Salsa is a perfect way to enjoy fresh cherries - any
sweet variety or tart if you can find them. The salsa
is delicious with chips and also good with chicken, or
as a cranberry substitute with turkey.
American South, we have plenty of peaches, strawberries,
blueberries and figs, often in our own backyard.
not so much.
that does not — should not — stop us from loving the
sweet little fruit that appears in stores and markets every
summer. Ripe for popping, cherries are a delicious, healthy
snack loaded with all kinds of vitamins, nutrients and
things that are good for us.
perfectly honest, I think cherries are the bomb.
summer, I went from eating cherries out of hand to cooking
with them, and even making drinks out of them. I stirred
sweet Bing cherries into cobblers (with or without peaches
and other fruit). I crushed them in a glass, added bourbon,
a generous glug or two of ginger ale and a few drops of
orange bitters, creating a bright red summer sipper that
accentuated the sweetness of the cherries and the smoky
allure of the whiskey.
on a trip to Door County, Wis., I tasted my first fresh tart
cherry, and my world changed.
County, a picturesque peninsula that juts into Lake
Michigan, is known for its sour Montmorency cherries:
ruby-red gems that zing with a haunting complexity redolent
of wine and spice. So lovely and so petite, so delicate in
their demeanor, they make the sweet cherries we import from
Washington, California and Oregon seem downright common.
at Seaquist Orchards just outside Sister Bay, Wis., that I
sampled my first Montmorency and met up with cherry baron
Dale Seaquist, who gave me a tour of his farm and told me
about the lady visitor who once inquired: "When do
these cherries go ‘bing’?" (Cymbal crash.)
strapping, garrulous Wisconsinite, Seaquist, who had a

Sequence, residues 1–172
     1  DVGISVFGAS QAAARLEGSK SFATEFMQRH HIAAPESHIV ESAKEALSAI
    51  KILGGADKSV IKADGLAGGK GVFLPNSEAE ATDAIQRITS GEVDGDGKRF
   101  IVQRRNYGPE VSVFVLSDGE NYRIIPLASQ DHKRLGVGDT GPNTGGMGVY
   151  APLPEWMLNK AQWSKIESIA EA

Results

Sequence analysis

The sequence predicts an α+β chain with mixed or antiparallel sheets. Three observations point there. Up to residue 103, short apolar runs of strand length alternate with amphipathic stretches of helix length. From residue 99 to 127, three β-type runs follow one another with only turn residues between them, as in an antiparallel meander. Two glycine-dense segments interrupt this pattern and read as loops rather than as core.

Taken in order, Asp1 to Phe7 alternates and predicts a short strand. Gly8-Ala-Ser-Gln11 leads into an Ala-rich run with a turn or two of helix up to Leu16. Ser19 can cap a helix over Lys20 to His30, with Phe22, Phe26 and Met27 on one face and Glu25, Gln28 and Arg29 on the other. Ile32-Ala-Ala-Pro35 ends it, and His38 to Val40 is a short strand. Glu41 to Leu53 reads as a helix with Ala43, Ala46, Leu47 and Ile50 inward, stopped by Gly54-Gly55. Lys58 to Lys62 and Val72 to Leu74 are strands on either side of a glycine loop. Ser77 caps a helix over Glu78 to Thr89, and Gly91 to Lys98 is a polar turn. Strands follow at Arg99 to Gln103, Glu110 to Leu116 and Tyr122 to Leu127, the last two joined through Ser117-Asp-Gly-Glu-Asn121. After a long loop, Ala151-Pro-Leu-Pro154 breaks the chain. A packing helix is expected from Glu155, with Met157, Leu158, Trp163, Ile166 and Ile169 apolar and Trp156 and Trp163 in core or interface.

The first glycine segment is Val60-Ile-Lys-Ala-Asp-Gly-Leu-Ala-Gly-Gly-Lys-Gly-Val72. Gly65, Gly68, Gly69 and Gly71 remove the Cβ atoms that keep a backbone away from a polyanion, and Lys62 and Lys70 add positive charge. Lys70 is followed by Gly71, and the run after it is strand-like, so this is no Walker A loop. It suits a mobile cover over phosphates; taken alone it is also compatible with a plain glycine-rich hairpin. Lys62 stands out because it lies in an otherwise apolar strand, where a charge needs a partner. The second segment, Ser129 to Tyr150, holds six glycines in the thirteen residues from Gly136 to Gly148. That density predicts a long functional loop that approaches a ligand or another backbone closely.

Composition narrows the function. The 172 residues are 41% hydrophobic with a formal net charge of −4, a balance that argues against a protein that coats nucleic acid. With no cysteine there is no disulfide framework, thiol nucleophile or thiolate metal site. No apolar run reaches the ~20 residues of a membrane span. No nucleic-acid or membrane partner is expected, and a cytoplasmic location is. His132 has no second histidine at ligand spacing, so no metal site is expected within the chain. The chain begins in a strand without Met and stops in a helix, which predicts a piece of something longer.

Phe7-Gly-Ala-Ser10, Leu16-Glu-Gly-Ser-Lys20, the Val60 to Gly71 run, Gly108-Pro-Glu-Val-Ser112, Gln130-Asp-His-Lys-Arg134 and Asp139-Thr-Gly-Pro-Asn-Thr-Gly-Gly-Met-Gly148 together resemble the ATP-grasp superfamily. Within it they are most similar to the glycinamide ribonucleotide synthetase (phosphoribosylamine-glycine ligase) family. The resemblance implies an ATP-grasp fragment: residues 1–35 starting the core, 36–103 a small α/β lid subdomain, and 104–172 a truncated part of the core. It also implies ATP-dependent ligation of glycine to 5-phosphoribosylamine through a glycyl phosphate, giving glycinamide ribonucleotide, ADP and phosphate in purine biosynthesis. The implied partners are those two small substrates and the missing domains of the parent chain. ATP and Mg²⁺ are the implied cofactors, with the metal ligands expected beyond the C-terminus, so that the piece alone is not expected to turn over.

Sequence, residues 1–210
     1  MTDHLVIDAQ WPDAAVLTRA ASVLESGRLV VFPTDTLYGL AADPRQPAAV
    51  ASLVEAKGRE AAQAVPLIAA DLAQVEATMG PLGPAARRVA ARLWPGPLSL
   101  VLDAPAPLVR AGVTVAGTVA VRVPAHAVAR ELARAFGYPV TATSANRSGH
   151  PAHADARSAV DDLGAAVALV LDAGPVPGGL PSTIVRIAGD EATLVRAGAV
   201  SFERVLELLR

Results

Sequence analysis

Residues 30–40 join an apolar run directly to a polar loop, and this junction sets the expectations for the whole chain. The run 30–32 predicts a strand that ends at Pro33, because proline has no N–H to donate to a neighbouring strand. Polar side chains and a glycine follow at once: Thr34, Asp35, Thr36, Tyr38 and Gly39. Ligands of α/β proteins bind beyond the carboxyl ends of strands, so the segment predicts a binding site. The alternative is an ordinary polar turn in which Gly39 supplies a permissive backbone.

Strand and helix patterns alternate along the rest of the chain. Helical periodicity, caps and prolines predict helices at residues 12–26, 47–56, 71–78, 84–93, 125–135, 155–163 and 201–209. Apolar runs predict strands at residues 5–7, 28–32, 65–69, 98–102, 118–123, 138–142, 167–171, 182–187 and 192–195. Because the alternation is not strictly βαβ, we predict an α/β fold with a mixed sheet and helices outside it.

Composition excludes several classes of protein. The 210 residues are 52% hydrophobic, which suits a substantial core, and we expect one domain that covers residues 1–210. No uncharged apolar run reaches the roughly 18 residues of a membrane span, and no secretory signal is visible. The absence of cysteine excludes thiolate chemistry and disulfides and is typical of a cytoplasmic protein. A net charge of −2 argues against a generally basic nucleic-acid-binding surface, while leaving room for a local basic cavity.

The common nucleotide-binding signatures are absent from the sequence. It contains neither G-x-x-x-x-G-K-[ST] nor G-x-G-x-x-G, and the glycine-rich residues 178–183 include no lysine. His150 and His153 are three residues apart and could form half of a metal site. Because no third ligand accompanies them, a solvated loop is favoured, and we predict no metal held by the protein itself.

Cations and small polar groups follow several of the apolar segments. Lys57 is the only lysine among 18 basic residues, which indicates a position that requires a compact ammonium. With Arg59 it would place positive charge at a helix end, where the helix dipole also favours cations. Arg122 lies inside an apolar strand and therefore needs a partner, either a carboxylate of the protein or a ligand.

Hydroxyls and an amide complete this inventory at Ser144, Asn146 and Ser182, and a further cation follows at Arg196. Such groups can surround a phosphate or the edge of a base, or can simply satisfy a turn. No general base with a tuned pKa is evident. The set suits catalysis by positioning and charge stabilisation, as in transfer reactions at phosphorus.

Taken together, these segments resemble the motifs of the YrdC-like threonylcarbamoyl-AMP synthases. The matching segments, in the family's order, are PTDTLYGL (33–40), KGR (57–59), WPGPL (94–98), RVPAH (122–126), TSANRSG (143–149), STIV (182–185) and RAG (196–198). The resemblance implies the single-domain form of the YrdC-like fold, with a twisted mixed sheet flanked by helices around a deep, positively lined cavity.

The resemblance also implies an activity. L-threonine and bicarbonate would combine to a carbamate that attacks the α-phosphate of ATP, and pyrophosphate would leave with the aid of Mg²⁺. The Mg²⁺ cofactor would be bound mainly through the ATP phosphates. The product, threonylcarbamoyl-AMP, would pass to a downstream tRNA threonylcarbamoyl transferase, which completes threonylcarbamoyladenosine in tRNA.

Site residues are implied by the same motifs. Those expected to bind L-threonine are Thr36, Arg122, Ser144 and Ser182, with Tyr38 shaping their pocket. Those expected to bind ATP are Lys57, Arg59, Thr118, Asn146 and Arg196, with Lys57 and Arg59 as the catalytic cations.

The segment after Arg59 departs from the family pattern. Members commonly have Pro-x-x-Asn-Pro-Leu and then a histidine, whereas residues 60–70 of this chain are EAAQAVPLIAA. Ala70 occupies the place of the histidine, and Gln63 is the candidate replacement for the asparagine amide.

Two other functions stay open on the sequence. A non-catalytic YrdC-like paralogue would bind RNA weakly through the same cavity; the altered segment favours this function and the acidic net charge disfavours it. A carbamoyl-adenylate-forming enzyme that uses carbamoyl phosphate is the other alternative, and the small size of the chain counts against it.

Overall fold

vintage cherry-red Studebaker in the back of his warehouse
with a "do not touch" sign on the window and wore
a red-and-white-check shirt, is the best mouthpiece the Door
County cherry industry could hope for.
only makes sense that most cherry pies are made from tart
cherries, Seaquist said, because they are smaller. Ergo: You
can pack more cherries into the pastry and every bite. And
who doesn’t want more cherries?
Seaquist Orchards’ market, I discovered fresh-baked cherry
pies and house-made cherry fudge, cherry jam and cherry
salsa, cherry juice and cherry cider, dried cherries, frozen
cherries, fresh cherries. And I developed a serious case of
Parador, a tapas restaurant in the town of Egg Harbor, I had
charcuterie paired with Door County cherry jam. At
109-year-old Wilson’s Restaurant & Ice Cream Parlor in
Ephraim, I inhaled a vanilla ice cream sundae loaded with
hot fudge sauce, Door County cherries, whipped cream and
pecans. At what may be America’s cutest pie shop, Sweetie
Pies in Fish Creek, I chatted with owner Cathy Mazurek and
wolfed down a slice of her peach-and-cherry pie and got some
cherry bars to go.
in Sister Bay, at Fred & Fuzzy’s Waterfront Bar &
Grill, I slurped a wonderfully sweet-tart Door County cherry
margarita. And at the White Gull Inn in Fish Creek, I had
what "Good Morning America" viewers voted the best
breakfast in the nation back in 2010. That would be the inn’s
Cherry-Stuffed French Toast: slices of egg bread with
pockets of Wisconsin cream cheese and Door County cherries,
topped with real maple syrup. Gracious goodness, that stuff
ever get to Door County, you won’t forget those cherries.